Jane Wyatt was born August 12, 1910 in Campgaw, New Jersey to a wealthy family. Her father was a Wall Street broker and her mother was a drama critic. She grew up in New York City. After attending Barnard College, she became an apprentice with Berkshire Playhouse in Stockbridge, Massachusetts for six months. Wyatt made her Broadway debut as a performer in The Midnight Rounders of 1921 in 1921. She would go onto several roles on Broadway, among them Dinner at Eight, Conquest, and For Services Rendered. She was signed by Universal in 1934, making her first screen appearance in the James Whale movie One More River. She then rotated between the screen and stage. On film she appeared as Estella in the 1934 adaptation of Great Expectations and the film The Luckiest Girl in the World. On stage, besides the aforementioned plays, she appeared in The Mad Hopes and The Joyous Season.

Her big break came with Frank Capra's film version of Lost Horizon, playing the role of Sondra Bizet. Although Wyatt would continue to appear on stage, her career was increasingly focused on film. She appeared in such films as Hurricane Smith, Army Surgeon, Boomerang!, Gentleman's Agreement, and My Blue Heaven.

Wyatt continued to appear on Broadway, although less frequently after the Thirties. Among the plays in which she had roles were The Bishop Misbehaves, Night Music, Quiet, Please!, and Hope for the Best. She last appeared on stage in 1951 in The Autumn Garden.

With the Fifties Wyatt's career turned towards television. She first appeared on the small screen in an episode of the anthology series Nash Airflyte Theatre in 1951. She would go onto appear on such shows as the legendary Your Show of Shows, Lights Out, and Robert Montgomery Presents. It was in 1955 that Father Knows Best debuted. On the sitcom Wyatt played the mother of the household, Margaret Anderson. The show ran for six years, with 207 episodes. She won three Emmy awards for her role on the show. Wyatt would go onto to appear in several other TV series, among them Studio One, The U.S. Steel Hour, Wagon Train, and The Alfred Hitchcock Hour.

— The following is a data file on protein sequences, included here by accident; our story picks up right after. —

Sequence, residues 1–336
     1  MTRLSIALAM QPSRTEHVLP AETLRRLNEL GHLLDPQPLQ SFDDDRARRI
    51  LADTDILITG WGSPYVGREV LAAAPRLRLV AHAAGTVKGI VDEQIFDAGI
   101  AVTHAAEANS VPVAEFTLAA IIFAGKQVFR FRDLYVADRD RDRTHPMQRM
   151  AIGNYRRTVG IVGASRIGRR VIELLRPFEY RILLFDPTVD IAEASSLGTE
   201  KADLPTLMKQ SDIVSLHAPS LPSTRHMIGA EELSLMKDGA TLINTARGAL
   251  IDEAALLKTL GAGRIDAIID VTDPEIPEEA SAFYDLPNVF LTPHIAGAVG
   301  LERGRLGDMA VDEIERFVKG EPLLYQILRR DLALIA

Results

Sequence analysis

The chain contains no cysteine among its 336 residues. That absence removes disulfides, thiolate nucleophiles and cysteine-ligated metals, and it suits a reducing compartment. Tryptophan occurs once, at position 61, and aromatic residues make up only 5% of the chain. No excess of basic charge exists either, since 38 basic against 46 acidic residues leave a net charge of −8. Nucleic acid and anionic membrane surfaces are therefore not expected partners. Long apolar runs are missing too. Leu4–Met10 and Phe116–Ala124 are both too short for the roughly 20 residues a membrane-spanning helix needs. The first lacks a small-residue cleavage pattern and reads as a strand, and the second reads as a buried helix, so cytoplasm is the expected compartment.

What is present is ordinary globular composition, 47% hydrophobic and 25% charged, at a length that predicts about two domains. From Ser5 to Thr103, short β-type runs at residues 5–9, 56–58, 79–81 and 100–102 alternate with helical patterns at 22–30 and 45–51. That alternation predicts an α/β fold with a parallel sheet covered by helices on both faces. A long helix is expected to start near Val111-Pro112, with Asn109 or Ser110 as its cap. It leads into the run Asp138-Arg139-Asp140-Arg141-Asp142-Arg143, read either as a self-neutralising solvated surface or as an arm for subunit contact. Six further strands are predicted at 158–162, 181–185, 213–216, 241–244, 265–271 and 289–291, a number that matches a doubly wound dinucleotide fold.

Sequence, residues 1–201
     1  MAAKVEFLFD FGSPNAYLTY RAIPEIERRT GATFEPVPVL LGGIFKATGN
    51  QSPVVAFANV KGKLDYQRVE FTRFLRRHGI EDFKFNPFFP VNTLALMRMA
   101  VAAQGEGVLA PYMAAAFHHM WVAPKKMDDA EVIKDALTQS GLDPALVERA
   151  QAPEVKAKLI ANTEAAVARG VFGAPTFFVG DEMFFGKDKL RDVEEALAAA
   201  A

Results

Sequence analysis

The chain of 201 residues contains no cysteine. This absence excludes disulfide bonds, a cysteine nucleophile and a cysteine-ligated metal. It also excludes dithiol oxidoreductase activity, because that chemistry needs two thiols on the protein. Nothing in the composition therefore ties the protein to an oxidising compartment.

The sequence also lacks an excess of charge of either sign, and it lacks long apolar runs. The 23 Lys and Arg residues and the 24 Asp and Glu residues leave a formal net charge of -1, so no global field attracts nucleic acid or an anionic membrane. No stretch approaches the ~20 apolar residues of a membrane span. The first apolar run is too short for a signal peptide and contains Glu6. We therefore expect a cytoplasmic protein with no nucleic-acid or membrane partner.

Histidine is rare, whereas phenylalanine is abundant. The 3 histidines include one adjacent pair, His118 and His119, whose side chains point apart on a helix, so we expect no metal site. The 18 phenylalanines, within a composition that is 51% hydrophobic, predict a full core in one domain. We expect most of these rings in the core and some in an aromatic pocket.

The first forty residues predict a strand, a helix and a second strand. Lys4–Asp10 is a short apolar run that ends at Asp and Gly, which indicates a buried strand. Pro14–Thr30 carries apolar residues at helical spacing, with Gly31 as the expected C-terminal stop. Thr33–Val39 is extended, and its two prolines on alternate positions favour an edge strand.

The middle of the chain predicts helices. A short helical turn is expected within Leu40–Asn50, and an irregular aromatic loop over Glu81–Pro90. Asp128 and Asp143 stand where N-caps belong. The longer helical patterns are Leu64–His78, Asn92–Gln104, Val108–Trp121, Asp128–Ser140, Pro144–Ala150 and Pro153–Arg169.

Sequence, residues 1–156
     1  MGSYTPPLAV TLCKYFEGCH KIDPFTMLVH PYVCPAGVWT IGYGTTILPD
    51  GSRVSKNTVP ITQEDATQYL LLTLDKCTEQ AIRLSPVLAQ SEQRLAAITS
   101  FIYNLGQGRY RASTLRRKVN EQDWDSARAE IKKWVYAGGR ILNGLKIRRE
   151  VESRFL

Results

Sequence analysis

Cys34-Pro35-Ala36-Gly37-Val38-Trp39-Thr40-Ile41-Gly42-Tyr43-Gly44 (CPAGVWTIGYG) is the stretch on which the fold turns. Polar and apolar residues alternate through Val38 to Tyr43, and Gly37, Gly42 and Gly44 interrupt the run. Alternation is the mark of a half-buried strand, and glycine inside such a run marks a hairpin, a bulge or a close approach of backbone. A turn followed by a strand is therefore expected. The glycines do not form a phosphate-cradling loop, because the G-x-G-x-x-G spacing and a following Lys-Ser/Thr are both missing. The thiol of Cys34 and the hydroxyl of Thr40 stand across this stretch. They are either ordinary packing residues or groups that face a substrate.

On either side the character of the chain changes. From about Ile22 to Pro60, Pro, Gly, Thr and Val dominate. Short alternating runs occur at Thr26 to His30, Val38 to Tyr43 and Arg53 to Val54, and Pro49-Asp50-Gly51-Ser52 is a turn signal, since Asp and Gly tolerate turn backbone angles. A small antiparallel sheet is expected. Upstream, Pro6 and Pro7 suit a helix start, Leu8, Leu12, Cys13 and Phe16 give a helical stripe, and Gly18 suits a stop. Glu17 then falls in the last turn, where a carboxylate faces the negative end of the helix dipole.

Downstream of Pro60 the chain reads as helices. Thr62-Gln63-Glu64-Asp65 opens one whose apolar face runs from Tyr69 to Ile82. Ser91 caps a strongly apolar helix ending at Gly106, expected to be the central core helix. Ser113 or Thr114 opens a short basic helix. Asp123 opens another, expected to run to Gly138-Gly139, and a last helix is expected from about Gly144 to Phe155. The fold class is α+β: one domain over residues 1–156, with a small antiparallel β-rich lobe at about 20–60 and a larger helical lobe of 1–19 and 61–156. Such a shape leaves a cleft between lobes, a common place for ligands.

It was a 1967 guest appearance on a then obscure show called Star Trek that would bring Wyatt her other famous role. In the episode "Journey to Babel" Jane Wyatt played Amanda Grayson, the human mother of Mr. Spock. Wyatt was perfect in the role and as perfect as a match for a Vulcan as there ever could be. Amanda was patient, kind, and understanding, but at the same time strong willed enough to hold her own with her husband Sarek and their son Spock. Although Amanda only appeared once on the original series, Wyatt made a huge impression in the role and it would become her best remembered role besides that of Margaret Anderson. She would reprise her role in the Star Trek movie, Star Trek IV: the Voyage Home.

Wyatt would go onto several more guest appearances on such shows as Love American Style, Marcus Welby, Walt Disney's Wonderful World of Color, and The Young Indiana Jones Chronicles. She appeared in the recurring role of Katherine Auschlander, the wife of Dr. Auschlander. Wyatt also appeared in several TV movies, including Amelia Earhart, A Love Affair: The Eleanor and Lou Gehrig Story, and Family Knows Best reunion movie, Father Knows Best: Home for Christmas. Her last appearance on the TV documentary Frank Capra's American Dream.

Both Phyllis Kirk and Jane Wyatt were gifted actresses who had a large impact on television. Kirk was undoubtedly beautiful and, although utilised primarily as a damsel in distress in film, had a real gift for drama. She could also do well in light comedy, as her role as Nora Charles in the TV version of The Thin Man proved.

As to Jane Wyatt, there is a reason she is a television legend. Wyatt had a gift for playing women who were kind and understanding, yet possessed of a strong will of their own. Indeed, one of the things that separates Father Knows Best from other comedies (besides the fact that it wasn't the least bit smarmy) is the fact that Margaret Anderson, although understanding and gentle, could hold her own with both her husband and her children. She was no pushover. This is even truer of both Amanda on Star Trek and Katherine Auschlander on St. Elsewhere. Both women were well equipped to deal with stubborn men, whether it was the relentlessly logical (and though they would not admit it, arrogant) Sarek and Spock or the painfully stubborn Dr. Norman Auschlander. Playing strong women who are at the same time understanding and kind is, no doubt, a difficult task, yet Wyatt played those roles with ease. Wyatt is a legend who won't soon be forgotten.